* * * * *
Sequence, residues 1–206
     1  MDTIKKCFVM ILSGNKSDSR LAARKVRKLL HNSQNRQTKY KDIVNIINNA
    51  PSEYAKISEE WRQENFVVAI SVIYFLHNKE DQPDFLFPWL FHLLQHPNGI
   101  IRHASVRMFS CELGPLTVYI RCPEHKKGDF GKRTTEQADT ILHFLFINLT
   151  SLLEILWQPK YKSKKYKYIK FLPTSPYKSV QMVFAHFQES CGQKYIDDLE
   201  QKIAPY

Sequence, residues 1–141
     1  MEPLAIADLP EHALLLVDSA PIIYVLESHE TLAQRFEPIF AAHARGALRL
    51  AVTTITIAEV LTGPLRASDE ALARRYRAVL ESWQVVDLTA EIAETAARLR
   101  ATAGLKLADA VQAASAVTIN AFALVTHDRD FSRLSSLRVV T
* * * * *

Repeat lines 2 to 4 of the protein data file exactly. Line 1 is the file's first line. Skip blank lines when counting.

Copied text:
     1  MDTIKKCFVM ILSGNKSDSR LAARKVRKLL HNSQNRQTKY KDIVNIINNA
    51  PSEYAKISEE WRQENFVVAI SVIYFLHNKE DQPDFLFPWL FHLLQHPNGI
   101  IRHASVRMFS CELGPLTVYI RCPEHKKGDF GKRTTEQADT ILHFLFINLT